Tuaolo told Senate members that he is very concerned about this issue because it involves a lot of government funds, and that he spent a sleepless night tossing and turning because of this.
He said this was the reason why he wanted to inform them of this matter so that they would have a full understanding when the supplemental bills are submitted on Monday.
The second issue discussed in their meeting with the governor was the ground-breaking ceremony for the American Samoa Consulate Office in Samoa which will be built on land acquired by ASG at Taumeasina in Moata’a village, a stone’s throw away from the renowned Taumeasina Resort.
The ceremony is set to take place on Tuesday (in Samoa) after White Sunday.
The third issue was the Samoa Talks, which will resume that same week with the two delegations traveling to Savaii on Wednesday (in Samoa) where the Talks will be held, returning on Friday.
There was a stunned silence as Senate members digested the information Tuaolo had imparted, then Senator Malaepule Saite Moliga expressed his apprehension at the way the Lemanu Administration had bypassed protocol and used such a big amount of funds.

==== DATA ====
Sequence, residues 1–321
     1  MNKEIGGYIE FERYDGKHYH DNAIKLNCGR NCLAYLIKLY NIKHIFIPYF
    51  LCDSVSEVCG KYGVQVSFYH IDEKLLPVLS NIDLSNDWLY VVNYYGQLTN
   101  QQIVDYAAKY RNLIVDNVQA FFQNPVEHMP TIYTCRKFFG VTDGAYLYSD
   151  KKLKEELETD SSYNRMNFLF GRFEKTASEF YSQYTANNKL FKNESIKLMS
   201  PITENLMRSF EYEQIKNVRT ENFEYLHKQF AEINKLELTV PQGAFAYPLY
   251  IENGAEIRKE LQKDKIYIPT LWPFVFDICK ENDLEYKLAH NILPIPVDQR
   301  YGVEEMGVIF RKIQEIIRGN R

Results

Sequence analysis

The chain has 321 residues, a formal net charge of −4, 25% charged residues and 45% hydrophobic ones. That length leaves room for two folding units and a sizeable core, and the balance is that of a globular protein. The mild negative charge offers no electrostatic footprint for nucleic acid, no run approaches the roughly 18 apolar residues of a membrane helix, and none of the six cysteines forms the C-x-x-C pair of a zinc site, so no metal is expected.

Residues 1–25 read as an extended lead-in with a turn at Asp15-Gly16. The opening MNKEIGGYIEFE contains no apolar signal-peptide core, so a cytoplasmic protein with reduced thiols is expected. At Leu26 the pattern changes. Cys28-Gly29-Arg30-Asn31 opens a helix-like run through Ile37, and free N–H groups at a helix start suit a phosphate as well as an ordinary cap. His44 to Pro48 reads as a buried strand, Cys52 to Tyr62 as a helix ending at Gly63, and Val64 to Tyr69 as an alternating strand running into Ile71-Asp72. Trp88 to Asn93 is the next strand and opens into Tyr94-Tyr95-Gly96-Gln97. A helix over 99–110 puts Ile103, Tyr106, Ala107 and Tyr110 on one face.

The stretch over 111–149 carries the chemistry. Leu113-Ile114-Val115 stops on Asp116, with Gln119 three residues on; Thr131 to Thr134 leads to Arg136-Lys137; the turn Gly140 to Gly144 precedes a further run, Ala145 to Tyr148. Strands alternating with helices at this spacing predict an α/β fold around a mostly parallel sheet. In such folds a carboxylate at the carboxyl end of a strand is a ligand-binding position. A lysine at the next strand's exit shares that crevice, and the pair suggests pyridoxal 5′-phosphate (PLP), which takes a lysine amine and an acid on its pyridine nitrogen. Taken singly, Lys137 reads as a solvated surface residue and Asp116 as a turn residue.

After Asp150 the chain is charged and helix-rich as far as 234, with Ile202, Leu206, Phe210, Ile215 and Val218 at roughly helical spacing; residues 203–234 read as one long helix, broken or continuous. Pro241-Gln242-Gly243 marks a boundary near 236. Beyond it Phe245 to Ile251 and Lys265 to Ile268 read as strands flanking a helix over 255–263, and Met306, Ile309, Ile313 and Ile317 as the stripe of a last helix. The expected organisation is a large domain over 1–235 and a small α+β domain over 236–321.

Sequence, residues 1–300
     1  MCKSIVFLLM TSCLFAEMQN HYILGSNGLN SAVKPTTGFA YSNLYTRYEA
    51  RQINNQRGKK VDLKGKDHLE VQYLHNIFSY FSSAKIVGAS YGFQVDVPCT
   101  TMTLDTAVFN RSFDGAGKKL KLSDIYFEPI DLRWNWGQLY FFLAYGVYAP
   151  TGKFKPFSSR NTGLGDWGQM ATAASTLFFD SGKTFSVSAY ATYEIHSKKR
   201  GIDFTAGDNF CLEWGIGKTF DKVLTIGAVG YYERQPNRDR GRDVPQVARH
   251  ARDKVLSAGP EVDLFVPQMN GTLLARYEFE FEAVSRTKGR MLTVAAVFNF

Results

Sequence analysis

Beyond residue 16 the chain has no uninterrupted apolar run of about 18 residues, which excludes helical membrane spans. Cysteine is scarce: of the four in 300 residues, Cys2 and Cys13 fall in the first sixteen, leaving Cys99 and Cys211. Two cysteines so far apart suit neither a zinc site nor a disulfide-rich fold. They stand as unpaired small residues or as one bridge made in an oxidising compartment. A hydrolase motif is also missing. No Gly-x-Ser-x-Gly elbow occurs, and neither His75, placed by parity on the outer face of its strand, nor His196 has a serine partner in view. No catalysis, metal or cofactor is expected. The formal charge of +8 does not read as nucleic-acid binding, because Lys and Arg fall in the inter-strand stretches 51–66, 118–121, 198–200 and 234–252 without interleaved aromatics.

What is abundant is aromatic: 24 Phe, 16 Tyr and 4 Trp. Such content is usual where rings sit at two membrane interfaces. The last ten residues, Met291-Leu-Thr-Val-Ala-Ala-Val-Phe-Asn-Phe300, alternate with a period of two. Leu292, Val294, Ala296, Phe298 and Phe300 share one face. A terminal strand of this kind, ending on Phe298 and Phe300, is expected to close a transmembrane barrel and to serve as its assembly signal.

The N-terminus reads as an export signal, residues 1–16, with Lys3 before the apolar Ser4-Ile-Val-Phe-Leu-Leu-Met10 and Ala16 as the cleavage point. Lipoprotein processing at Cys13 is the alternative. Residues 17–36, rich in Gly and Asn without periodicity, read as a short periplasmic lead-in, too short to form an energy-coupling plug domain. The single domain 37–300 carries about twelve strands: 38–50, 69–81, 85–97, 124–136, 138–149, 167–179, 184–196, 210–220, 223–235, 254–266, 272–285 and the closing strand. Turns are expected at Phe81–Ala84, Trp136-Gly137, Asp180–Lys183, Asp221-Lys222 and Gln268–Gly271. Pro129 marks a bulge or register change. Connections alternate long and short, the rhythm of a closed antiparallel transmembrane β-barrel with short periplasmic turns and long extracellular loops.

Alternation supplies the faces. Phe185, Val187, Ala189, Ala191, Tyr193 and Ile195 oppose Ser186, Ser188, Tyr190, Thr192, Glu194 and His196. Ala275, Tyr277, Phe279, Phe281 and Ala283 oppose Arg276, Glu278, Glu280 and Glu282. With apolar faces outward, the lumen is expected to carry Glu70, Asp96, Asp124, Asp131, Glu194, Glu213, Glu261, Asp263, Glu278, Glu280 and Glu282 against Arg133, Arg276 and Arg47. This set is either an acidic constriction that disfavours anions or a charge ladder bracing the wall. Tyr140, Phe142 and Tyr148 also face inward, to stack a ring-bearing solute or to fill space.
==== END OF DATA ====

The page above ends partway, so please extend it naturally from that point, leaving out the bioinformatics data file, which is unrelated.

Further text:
“I am very sad at the turn of events,” said the Manu’a senator. “It is clear that the governor and his administration have violated the law by not seeking Fono approval of the funds.
“This same mentality was shown by government Treasurer Malemo Tausaga when he appeared before the Budget and Appropriation Committee, in which he casually said that part of the $17 million in the supplemental bill 2023 had already been used.”
Malaepule also brought to the chamber’s attention what was happening in Manu’a where he said the government was tearing down and flattening people’s lands without the consent of the families who own these lands.
The government say that it is part of the requirements of federally funded programs to build shelters for people in times of cyclones and other natural disasters.
Senator Togiola T.A. Tulafono also expressed his concerns on the way the current administration was doing things, saying it wasn’t something trivial and that the matter was indeed very serious.